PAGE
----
Progress in the Parish: Why Jefferson Schools Should Reject Collective Bargaining
School board must choose between advancing student outcomes and pleasing special interests
On Tuesday the Jefferson Parish School Board will meet to consider approving a collective bargaining agreement (CBA) with the Jefferson Federation of Teachers (JFT). The board elected not to renew the CBA last year, opting for individual contracts with teachers.
While neighboring Orleans Parish has received international attention for its heralded post-Katrina school reforms, Jefferson Parish has also embarked in a remarkable effort to transform a troubled school system.
Like New Orleans, Jefferson’s reforms are now bearing fruit. And like New Orleans, Jefferson benefits from leadership that places students above special interests. Here are five reasons why approving a new CBA would stymie momentum and risk recent gains:
1. Schools Are More Autonomous, Innovative and Accountable Without CBA Constraints
Since 2011, Jefferson Parish has pursued a strategy of giving more autonomy and decision-making power to schools and their principals. This has given leaders the freedom to focus more narrowly on student success and teacher development.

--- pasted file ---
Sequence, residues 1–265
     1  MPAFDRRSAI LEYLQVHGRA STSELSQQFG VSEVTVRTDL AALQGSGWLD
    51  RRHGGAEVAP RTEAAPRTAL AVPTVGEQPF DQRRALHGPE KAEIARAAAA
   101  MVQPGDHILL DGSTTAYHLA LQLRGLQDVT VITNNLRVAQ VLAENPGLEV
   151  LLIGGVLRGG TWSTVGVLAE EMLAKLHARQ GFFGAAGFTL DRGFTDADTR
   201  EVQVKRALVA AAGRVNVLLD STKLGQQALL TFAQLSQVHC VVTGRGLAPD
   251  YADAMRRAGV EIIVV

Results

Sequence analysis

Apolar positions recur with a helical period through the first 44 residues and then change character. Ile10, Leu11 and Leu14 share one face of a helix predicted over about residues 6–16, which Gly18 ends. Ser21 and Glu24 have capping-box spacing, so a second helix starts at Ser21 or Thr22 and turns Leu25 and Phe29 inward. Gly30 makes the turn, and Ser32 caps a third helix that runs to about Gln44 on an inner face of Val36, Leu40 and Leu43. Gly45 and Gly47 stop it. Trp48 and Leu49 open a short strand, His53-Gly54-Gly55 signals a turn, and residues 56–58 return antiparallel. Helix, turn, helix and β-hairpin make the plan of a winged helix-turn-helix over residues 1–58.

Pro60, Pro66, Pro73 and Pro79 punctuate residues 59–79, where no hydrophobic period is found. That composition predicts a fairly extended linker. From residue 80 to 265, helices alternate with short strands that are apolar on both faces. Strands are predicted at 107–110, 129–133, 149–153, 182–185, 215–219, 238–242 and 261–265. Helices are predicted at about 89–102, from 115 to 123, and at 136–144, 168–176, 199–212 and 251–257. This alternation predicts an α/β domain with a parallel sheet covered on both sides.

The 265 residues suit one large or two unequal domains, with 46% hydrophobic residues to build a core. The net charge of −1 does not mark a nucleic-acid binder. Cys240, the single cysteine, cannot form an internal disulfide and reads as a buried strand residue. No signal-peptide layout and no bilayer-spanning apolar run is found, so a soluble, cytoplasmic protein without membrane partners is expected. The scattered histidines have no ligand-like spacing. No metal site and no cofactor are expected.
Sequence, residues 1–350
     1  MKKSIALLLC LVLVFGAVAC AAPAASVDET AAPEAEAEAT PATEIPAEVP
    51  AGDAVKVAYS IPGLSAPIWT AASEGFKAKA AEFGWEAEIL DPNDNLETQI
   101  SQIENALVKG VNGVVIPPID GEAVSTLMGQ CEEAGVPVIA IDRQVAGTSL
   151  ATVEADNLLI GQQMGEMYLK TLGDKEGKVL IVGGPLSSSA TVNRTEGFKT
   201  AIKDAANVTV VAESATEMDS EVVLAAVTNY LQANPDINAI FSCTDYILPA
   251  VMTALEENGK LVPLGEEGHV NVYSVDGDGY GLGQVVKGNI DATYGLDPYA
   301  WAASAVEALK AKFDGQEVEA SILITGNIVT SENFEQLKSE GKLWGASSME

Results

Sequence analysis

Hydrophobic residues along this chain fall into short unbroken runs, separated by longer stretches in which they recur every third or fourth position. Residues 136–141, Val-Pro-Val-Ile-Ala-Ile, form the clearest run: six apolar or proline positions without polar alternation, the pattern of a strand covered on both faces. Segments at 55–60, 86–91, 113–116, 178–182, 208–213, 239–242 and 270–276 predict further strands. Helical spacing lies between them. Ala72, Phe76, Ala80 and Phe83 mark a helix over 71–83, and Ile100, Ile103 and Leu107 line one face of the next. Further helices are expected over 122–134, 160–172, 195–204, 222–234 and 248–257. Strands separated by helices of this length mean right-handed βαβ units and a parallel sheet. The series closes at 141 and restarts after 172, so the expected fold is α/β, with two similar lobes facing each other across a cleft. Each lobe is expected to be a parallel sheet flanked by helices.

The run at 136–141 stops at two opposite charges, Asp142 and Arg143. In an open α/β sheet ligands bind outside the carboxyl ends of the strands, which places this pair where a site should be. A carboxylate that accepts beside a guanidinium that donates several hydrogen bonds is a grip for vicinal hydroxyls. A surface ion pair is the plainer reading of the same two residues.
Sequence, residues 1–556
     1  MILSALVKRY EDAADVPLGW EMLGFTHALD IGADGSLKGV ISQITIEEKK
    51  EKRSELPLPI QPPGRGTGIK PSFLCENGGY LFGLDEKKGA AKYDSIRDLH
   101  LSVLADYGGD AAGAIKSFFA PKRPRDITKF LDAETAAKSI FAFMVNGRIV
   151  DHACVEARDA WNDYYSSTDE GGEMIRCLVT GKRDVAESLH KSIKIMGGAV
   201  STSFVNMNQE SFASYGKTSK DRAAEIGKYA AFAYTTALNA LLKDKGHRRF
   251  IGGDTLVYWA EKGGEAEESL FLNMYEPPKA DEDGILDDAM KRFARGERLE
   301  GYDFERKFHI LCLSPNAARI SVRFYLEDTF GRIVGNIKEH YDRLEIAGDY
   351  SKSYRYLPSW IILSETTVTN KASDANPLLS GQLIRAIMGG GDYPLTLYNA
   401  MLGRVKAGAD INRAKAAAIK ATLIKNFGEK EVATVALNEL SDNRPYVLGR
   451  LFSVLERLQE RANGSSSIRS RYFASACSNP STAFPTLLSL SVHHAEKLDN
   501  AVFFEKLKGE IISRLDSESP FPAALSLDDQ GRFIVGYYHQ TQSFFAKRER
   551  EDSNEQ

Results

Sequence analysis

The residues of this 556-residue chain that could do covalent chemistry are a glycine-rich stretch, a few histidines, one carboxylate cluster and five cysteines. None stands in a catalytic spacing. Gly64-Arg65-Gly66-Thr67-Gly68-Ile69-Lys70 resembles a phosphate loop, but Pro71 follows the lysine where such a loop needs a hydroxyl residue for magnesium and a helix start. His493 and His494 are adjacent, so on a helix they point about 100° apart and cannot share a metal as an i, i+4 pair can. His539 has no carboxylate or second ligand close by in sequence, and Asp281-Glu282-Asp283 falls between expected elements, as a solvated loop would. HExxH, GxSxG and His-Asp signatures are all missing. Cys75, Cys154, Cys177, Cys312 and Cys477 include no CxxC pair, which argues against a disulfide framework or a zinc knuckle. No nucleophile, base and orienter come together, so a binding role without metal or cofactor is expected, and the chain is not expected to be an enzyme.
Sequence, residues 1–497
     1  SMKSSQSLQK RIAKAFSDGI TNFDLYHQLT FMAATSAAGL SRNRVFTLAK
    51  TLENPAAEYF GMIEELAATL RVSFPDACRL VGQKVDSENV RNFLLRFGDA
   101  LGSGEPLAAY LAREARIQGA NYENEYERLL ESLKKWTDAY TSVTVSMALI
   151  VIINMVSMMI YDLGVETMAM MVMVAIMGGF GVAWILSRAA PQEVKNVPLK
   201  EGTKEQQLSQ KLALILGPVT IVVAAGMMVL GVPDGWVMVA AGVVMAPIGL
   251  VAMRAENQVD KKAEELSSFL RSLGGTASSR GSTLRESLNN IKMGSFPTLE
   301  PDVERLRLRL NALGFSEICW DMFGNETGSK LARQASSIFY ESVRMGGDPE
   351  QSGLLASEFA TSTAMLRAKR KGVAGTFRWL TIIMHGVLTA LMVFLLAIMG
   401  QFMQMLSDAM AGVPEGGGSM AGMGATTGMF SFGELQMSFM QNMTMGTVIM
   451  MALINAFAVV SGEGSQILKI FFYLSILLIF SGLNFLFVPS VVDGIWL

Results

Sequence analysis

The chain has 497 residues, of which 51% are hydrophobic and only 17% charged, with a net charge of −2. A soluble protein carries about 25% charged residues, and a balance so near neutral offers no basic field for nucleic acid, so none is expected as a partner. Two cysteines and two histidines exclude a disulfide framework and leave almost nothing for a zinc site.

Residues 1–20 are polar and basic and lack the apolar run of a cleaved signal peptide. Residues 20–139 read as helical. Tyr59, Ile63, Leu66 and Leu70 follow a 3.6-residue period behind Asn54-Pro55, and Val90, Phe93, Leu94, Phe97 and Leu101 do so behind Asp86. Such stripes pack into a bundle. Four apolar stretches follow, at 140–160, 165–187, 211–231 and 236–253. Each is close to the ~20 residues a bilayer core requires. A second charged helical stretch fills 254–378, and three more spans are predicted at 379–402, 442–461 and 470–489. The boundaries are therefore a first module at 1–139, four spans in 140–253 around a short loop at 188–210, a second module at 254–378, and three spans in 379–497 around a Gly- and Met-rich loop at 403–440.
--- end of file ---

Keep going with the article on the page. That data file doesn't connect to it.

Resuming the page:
In exchange for this increased freedom and flexibility, schools, principals and teachers are finally being held accountable for school performance. For example, the district elected not to renew contracts with 15 principals at schools with unsatisfactory academic growth.
This sensible approach is commonplace the private sector, but in the union-dominated world of public education it is still regarded as revolutionary. But no organization can thrive without strong, flexible leadership.
This ability to innovate will become even more important in coming years. To take one example, Hispanic families made up 40% of those registering for pre-kindergarten spots in Jefferson this year. Adapting to this demographic shift and addressing new challenges that may arise in the years ahead will require leaders who are not constrained by a thicket of union rules and bureaucracy.
Principals, teachers and other administrators should work collaboratively, but the JFT’s overly prescriptive approach to “decision teams” hampers effective leadership. Jefferson schools will be better able to navigate the challenges and opportunities of the 21st Century if school leaders have the autonomy to innovate, while being held accountable for academic outcomes.